Natural sites are suitable for collecting herbs, far from cities and highways, railways. Meadows are only suitable those that have never been ploughed. Such meadows are recognizable by the absence of dandelions. Forests are suitable mature, with a large variety of trees and shrubs. Wetlands are usually all suitable for collecting herbs, unless they are turned into peatlands. The natural shores of water bodies are also rich in medicinal plants. Herbs can be harvested at any time of year, as from some plants we collect buds, from others we collect leaves, flowers, fruits, roots, bark.

Medicinal plants are harvested at a time when they contain the most active substances. The same plant may contain different amounts of active substances. It depends not only on the time of year but also on the time of day. It is also important when the plant is picked, day or night, moonlight or not. During the full moon, most of the active substances are in the upper part of the plant (leaves, flowers), and in the lower part (roots, rhizomes) during the new moon. This can be explained by the fact that during full moon, the plants consume more water, which, when moving towards the top of the plant, carries the active substances. During the new moon, water consumption is reduced and the active ingredients are more present in the lower part of the plant.

Medicinal raw materials are collected in baskets, boxes, cloth bags. The raw material must not be pressed, as it heats up and thus reduces its quality.


Buds (Gemmae)

They are harvested early in the spring, when they have begun to ripen but have not yet unfolded. They then contain the most active substances. Budding is the shortest phase of plant development, so it is important to harvest them early. The buds of many trees are cut with twigs, and the dried buds are separated from them. The buds of trees and shrubs can only be harvested from the felled trees. In other places, they are harvested from only the lower part of the crown.

Leaves (Folia)

The leaves are harvested fully developed and of normal size. It is best to collect the leaves at the beginning of flowering of the plant, because then they contain the most active substances. The leaves of some plants are collected throughout the season. Do not collect yellowed, withered, disease and pest damaged leaves. The leaves can be picked, scissors cut or cut with a knife. Not all leaves of the plant should be picked, and care should be taken to minimize damage to the plant.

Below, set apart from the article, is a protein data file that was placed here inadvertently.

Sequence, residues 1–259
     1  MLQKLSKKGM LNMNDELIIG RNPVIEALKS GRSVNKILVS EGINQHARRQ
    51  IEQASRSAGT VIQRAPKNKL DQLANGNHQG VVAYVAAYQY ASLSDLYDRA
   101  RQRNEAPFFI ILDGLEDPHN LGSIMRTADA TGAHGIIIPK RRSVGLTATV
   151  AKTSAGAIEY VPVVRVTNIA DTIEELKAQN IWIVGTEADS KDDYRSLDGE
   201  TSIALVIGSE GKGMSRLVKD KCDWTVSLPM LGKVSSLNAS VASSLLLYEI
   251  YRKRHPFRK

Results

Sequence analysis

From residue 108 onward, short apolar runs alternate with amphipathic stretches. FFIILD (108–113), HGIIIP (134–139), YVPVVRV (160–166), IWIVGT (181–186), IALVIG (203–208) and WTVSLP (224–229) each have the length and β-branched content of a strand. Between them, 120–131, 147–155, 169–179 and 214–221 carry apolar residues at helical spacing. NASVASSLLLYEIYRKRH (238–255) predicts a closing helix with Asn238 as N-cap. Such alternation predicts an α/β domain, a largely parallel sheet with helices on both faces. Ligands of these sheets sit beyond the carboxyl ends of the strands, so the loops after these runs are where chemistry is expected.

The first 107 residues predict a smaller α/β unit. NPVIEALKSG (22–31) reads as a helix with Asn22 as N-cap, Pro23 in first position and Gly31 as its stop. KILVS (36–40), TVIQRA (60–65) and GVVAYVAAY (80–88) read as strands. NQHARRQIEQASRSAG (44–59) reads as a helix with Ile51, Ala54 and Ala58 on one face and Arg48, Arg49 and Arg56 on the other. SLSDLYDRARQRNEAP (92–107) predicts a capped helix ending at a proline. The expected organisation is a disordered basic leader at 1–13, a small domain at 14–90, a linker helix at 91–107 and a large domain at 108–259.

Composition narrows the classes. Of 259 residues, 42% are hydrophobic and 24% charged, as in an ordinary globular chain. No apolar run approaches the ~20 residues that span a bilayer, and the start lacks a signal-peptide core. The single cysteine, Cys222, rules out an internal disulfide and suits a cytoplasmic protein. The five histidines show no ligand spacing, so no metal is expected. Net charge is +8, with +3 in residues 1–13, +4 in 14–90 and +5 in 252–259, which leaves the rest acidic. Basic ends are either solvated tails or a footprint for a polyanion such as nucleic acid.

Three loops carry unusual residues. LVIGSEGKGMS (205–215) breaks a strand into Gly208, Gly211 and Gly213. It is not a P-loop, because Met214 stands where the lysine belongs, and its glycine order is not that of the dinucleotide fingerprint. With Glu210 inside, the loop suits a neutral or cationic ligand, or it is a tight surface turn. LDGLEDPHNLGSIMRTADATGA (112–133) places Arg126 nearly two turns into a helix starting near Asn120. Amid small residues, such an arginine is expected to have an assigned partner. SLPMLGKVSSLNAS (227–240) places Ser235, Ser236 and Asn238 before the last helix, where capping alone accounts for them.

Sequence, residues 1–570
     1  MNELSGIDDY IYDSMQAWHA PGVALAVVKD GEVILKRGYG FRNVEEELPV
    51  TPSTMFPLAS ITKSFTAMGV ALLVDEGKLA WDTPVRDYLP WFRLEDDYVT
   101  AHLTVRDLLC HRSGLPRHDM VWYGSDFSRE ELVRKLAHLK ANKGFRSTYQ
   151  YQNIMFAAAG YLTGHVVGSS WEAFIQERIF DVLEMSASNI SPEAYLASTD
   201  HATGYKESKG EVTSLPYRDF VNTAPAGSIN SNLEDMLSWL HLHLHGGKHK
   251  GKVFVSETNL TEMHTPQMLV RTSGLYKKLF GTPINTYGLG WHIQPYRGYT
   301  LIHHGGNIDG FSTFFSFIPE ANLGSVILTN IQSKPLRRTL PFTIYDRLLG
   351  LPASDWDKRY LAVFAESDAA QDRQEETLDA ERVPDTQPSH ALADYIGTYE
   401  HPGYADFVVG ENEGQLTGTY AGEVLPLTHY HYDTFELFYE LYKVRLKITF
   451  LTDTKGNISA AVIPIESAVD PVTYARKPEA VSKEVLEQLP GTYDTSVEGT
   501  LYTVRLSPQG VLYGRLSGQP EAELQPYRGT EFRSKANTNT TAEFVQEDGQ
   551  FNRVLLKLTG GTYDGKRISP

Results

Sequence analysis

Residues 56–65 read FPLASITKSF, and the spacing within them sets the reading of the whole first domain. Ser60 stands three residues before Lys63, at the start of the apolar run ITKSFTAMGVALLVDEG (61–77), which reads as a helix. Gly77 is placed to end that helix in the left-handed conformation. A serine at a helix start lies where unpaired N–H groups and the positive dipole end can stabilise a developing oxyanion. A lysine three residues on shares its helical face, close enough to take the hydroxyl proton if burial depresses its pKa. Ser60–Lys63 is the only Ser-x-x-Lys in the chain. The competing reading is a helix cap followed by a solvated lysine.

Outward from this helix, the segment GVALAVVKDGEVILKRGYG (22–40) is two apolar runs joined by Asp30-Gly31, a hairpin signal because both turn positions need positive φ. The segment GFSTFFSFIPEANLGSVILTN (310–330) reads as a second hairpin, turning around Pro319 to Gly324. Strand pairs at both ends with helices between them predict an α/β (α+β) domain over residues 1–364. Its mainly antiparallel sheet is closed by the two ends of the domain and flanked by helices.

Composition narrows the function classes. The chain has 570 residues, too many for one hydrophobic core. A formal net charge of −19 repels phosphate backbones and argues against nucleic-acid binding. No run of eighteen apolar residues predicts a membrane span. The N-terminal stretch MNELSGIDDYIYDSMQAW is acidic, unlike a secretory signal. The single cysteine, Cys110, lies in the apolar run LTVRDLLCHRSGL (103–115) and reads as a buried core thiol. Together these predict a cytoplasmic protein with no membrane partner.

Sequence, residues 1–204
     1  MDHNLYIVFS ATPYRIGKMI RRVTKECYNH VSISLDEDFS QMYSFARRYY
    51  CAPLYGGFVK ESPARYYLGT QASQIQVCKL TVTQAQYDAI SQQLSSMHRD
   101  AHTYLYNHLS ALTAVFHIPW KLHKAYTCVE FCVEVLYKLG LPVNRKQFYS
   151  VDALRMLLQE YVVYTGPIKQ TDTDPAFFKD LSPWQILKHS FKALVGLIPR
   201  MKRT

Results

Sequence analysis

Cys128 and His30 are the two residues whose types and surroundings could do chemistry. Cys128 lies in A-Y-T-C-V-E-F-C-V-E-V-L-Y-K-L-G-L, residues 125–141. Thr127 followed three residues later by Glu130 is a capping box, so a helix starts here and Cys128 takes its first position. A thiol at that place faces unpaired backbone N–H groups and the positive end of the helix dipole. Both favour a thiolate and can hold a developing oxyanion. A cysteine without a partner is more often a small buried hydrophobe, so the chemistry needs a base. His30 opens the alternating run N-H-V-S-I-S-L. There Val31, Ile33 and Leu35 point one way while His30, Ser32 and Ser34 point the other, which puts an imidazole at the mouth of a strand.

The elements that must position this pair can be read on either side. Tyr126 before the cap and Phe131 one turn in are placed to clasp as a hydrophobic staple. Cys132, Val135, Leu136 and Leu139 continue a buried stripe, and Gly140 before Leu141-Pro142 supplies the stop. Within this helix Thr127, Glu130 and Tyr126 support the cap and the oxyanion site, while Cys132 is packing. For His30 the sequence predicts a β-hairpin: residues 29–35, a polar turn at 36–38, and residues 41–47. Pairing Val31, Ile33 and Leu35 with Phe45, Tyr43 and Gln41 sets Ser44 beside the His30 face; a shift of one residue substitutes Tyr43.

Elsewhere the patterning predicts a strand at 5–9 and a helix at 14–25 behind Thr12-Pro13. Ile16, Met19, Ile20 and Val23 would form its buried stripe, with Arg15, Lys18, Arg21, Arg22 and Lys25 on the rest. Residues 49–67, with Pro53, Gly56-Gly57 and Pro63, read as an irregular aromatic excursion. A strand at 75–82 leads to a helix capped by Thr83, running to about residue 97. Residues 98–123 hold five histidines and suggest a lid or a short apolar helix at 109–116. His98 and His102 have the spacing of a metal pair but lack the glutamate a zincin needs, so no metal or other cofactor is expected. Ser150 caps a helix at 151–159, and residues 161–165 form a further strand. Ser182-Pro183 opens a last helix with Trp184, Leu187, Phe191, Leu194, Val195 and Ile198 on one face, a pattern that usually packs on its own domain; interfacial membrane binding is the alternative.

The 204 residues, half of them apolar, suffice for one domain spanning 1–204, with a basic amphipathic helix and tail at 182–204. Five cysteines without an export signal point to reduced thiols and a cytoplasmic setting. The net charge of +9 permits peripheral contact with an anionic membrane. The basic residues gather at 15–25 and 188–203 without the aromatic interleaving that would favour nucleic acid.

Herb (Herba)

The herb consists of the stem of the plant with leaves and flowers, sometimes with buttons and immature fruits. For small plants, the stem is cut low, and for larger plants with a thick stem, the upper leafy part of the stem with flowers is cut. The herbs are collected during flowering, sometimes during buttonization or during fruit ripening.

It is forbidden to grub out plants. At least half of the healthy plants must be left.

Flowers (Flores)

The term “flower” in the broad sense refers to inflorescences, flowers or separate parts thereof. For medicines, either the entire inflorescence of the plant (daisy, lily of the valley, clematis), or the individual flowers (cilantro, marigold) or just the individual parts of the flower (petals, moths, etc.) are collected. The flowers are picked at the beginning of flowering, sometimes during buttonization. The healing value of the flowers cut at the end of flowering is lower.

Fruits and seeds (Fructus et semina)

Fruits come in real ones (poppy boxes, currant, blueberry berries, hazelnuts), composite and accessory fruits (apples, pears, rosehip). “Seeds” means whole seeds and parts thereof. Fruits and seeds are harvested ripe, but loose fruits (cumin, dill, coriander, etc.) are collected at the beginning of ripening, early in the morning. Part of the seeds of annual plants must be sown.

Cortex (Cortex)

The cortex of plants that are not older than 3-4 years is suitable for medicines, but some cortices is also collected from older trees (oak cortex is peeled from trees up to 20 years old). Older plants produce cork tissue in their cortex, part of it is woody, and little active substance remains. Most of the active ingredients are in the cortex of trees in autumn and spring, but it is difficult to peel it in autumn because it is pruned to the wood. It is usually peeled in the spring before the leaves have spread. The bark is peeled on a dry, clear day. Initially, the bark is incised every 20 to 30 cm across and then longitudinal incisions are made. It is lifted from wood with a wooden, bone or plastic knife (an iron knife is unsuitable as it causes the bark to turn black).

Roots (Radices) and rhizomes (Rhizomata)

Mostly lifted in autumn. Can be prepared in any weather and any time of the day. After they are lifted, clean or rinse them immediately, remove small roots and remnants of the stem. Large parts should be sliced.

Continue reading: “Preparing herbs“.